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Where to Find a Great Bottle of Red Wine For Under $20

You don’t have to spend a fortune for quality vino

couple looking at many red wines in a store

I am the worst kind of person: one with a wine cellar. I spend many evenings droning on about food pairings, noting that we need to give the bottle “a chance to breathe,” and resisting the urge to punch myself in the face. But most nights I drink a bottle that costs less than $20.

How do you find a great wine at that price? The second-hardest way is to read a newsletter article, then go searching for those wines in the haystack of your local store or online website. 

The first-hardest is to get in a conversation with me, which will involve maps of Europe and words like terroir. Luckily, my editors have cut those parts from this article. [Ed. note: And we’ll cut more if you don’t get to the point, Joel.]

Buying wine isn’t like shopping for anything else, largely due to interstate rules about transporting alcohol. Online shipping is limited and expensive. Wineries get better or worse over time, changing ownership or winemakers. Stores won’t carry everything. Looking for one specific bottle is a waste of time.

Use these guidelines instead.

1. Avoid America.

There’s nothing wrong with American red wine. But California cabernet sauvignons are expensive. Even cheap American whites aren’t worth the price. 

2. Seek out obscure European areas.

Good burgundy isn’t going to happen often for under $20 — it’s all expensive, and the quality is still a crapshoot. Think of wine purchasing like travel — it takes a lot of dough to go to Paris, but you can have a great vacation in the Dordogne. Look for reds from the Languedoc-Roussillon and the Loire in France (Crémant de Loire offers three times the value of Champagne). Check out the Rieslings from Alsace. Experiment with the light reds of Germany.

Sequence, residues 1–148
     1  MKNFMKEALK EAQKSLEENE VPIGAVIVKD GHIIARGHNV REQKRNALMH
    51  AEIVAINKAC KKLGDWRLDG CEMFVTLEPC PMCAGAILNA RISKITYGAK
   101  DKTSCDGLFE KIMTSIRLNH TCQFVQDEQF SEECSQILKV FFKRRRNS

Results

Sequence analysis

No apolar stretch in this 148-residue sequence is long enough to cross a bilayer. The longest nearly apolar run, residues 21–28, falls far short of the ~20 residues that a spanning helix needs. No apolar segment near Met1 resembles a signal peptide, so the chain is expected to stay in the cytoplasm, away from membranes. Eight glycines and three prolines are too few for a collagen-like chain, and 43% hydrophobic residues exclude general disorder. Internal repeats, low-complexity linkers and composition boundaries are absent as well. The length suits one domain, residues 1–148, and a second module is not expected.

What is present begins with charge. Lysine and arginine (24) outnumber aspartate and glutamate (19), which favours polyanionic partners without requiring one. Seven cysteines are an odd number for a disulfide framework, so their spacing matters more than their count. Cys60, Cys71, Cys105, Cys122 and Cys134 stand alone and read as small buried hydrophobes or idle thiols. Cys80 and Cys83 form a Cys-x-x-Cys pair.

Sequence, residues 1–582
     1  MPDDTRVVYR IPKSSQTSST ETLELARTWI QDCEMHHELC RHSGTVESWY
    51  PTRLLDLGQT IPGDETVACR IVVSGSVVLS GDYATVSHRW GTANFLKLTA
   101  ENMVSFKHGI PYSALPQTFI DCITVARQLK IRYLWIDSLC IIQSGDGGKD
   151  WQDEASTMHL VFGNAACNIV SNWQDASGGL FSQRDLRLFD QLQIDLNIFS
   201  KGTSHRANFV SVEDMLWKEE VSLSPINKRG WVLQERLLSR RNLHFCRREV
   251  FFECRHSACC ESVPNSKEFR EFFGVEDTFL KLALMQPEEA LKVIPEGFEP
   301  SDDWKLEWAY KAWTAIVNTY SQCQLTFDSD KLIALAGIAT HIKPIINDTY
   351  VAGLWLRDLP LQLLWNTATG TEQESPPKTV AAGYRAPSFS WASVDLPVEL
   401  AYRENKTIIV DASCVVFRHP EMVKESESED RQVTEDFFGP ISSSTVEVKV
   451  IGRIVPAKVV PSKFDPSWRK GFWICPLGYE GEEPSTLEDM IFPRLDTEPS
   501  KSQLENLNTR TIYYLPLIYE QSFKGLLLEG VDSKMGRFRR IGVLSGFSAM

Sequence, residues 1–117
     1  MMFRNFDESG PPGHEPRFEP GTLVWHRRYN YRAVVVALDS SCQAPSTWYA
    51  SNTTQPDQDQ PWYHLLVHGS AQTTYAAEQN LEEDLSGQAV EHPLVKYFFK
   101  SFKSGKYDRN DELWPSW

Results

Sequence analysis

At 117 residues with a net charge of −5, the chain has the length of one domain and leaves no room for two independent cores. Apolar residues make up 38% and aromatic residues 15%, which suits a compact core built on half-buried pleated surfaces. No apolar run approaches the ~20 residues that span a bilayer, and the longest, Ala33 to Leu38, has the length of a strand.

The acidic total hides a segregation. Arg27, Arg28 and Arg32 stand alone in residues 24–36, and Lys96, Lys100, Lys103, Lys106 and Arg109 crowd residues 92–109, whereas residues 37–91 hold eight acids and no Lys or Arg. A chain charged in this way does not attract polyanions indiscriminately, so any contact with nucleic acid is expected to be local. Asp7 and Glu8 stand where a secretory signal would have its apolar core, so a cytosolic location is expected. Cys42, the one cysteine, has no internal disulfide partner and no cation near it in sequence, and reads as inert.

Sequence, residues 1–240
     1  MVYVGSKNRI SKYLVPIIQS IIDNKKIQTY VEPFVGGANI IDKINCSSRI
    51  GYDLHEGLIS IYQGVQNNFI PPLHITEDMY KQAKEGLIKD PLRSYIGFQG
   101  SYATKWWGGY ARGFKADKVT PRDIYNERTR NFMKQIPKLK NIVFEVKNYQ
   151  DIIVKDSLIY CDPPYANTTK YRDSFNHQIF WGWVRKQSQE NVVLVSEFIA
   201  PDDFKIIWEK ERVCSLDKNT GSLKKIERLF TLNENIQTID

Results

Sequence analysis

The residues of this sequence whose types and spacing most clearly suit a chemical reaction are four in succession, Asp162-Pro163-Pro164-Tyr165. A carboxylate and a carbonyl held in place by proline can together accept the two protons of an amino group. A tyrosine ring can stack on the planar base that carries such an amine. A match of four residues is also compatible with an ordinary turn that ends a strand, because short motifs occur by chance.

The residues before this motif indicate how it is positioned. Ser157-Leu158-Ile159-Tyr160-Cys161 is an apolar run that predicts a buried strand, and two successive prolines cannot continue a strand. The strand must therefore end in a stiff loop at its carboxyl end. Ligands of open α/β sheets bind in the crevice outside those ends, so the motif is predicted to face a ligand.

3. Think small batch.

The brands you see on TV commercials are not a good deal. They’re more reliably the same, bottle after bottle, and offer a lot of what Guy Fieri means by “flava,” but they don’t deliver much interest for the price. 

4. Stay away from the supermarket.

Supermarkets make mass deals with mass providers for shoppers influenced by those TV commercials.

5. Avoid the animals.

Is there a drawing of an animal on the label? Is the name of the wine a pun, possibly a sexual one? You’re not buying a boat. (Boat buyers are the enemy of wine buyers. They hate wine so much that they smash it against their ships.)

6. Learn the importers.

The back of the label isn’t made by the winery. It’s put there by the importer — a layer of bureaucracy that America added to make wine more expensive. But some of those importers are great at finding wineries that will deliver value. Looks for names such as Kermit Lynch, Neal Rosenthal, Terry Theise, Louis/Dressner and José Pastor. Eventually, you’ll learn which importers you like best. 

7. Find a good store.

If you have a local wine store with a passionate staff, that’s ideal. If you don’t have one with knowledgeable shopkeepers, go to Costco and talk to the buyer. 

8. Don’t fear bad vintages.

You’re not looking to age this bottle in your cellar like the intolerable wine snob who is writing this article. You are drinking it tonight. So if it’s from a year that sucked, it’s a bargain for you. It may not be as complicated or perfect, but for the price, I will drink 1997 Bordeaux all day long.

Will every bottle you buy following these rules be good? Would I ask myself a question in an article where the answer wasn’t no? But when you’re spending under $20, you can afford to fail.